LAC DU FLAMBEAU - Opioids in Northern Wisconsin created problems some areas never saw until the epidemic crept in about ten years ago.
The Vilas County Tribal Concerns Committee met Thursday to take on the national epidemic that's costing their community money and lives.
People in Vilas County said they want to stop the opioid epidemic from the top down.
At Thursday's meeting in Lac du Flambeau leaders said they want to start with prevention and possibly join other counties in suing pharmaceutical companies.
They feel the companies are responsible for ripping their town apart.
"We need to cut the head off the snake. We've been nipping at its tail for years," said Lac du Flambeau town board member Rob Hanson.
Hanson grew up in Northern Wisconsin.
He said when opioids made their way into his neighborhood about ten years ago it started deteriorating the area.
"I was shocked I didn't think those kind of things happened up here now it's flipped. Vilas County is number two for opioid use in the state," said Hanson.
Vilas County Sheriff Joe Fath sees how far people will go to get drugs.
"Vilas County is no different than Milwaukee, or Madison or anywhere else. Most recently all our crimes people commit, they're trying to [support their] drug addiction," said Fath.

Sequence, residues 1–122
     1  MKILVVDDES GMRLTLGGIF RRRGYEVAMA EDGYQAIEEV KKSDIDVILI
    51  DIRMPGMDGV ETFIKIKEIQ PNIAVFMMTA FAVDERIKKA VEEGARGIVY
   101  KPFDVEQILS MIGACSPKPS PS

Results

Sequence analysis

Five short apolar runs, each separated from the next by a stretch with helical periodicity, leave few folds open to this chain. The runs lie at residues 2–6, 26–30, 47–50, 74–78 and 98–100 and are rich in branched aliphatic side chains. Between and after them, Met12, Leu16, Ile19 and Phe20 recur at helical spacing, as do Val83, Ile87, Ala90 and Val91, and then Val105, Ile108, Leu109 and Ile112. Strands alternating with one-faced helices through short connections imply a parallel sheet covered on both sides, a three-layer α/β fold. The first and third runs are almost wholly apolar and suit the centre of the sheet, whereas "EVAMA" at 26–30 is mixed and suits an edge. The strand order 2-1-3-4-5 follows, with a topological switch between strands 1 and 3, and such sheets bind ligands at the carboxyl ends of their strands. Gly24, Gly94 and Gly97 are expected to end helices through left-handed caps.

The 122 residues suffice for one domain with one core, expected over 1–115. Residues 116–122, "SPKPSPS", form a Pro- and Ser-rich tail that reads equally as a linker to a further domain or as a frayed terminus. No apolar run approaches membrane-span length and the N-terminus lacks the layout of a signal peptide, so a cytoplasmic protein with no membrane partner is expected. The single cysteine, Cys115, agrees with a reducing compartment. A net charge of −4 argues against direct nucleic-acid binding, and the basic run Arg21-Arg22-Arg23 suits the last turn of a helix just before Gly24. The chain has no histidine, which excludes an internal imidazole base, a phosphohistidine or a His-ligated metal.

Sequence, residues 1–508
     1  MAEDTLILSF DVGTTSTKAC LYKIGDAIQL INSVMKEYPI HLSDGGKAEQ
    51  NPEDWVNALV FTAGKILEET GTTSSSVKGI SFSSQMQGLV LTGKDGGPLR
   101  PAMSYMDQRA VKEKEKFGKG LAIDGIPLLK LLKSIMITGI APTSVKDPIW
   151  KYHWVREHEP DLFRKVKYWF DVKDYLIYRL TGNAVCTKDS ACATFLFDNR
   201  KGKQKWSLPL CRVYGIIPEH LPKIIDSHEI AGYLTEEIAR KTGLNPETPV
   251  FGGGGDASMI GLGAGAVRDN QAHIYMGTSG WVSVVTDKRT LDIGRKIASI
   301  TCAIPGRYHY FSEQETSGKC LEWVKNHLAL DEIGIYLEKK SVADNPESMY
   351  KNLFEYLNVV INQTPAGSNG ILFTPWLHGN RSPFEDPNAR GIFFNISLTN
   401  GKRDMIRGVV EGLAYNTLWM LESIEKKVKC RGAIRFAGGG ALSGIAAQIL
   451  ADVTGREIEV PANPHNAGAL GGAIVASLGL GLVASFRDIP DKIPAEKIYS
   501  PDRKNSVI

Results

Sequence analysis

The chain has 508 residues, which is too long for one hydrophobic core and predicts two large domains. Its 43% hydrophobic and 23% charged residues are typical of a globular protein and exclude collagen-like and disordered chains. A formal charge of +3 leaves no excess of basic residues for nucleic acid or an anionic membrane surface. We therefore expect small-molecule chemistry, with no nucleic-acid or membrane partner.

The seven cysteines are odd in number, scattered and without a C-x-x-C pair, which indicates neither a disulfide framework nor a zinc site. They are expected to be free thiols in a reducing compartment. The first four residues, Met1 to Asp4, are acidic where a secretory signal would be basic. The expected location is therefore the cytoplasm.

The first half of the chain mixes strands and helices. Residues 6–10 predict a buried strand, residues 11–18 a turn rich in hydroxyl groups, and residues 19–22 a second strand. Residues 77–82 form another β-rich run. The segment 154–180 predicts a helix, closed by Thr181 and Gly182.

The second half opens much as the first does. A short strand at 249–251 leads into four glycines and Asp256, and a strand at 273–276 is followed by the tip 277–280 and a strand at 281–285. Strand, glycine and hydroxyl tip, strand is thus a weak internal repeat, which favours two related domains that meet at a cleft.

Board members came to the meeting ready with notes and facts from the state's response to the opioid crisis.
It reports Vilas County is the 6th highest in the state for opioid related deaths.
The committee wants to get off the top of this list. It's starting by aiming for pharmaceutical companies.
"Once you have the crisis, the cost of trying to fix that crisis is insurmountable," said Vilas County resident Bob Kovar.
As a lawyer Hanson will take the lead on starting a lawsuit against pharmaceutical companies for their role in the opioid crisis.
"It's time for pharma's to pay their share of the cost and stop what they're doing," said Hanson.
Fath also believes the pharmaceutical companies played a role in the addiction issues in Vilas County.
"It's been kind of accepted by the medical community that they kind of helped create the opioid problem," said Fath.
Hanson wants to stop the supply.
That would help the more than 400 drug related cases that the Lac du Flambeau Tribal Police see each year.
"So far nobody has been able to stop the guy with the flame thrower," said Hanson.
The group will keep moving forward to take steps to fight the Opioid epidemic.
Making pharmaceutical companies pay to repair the damage the committee thinks the companies created, might be their first step.
The Tribal Concerns Committee has a lot of ideas to make changes of their own.
It's considering speaking to lawmakers in Madison.
The committee says this problem won't go away anytime soon.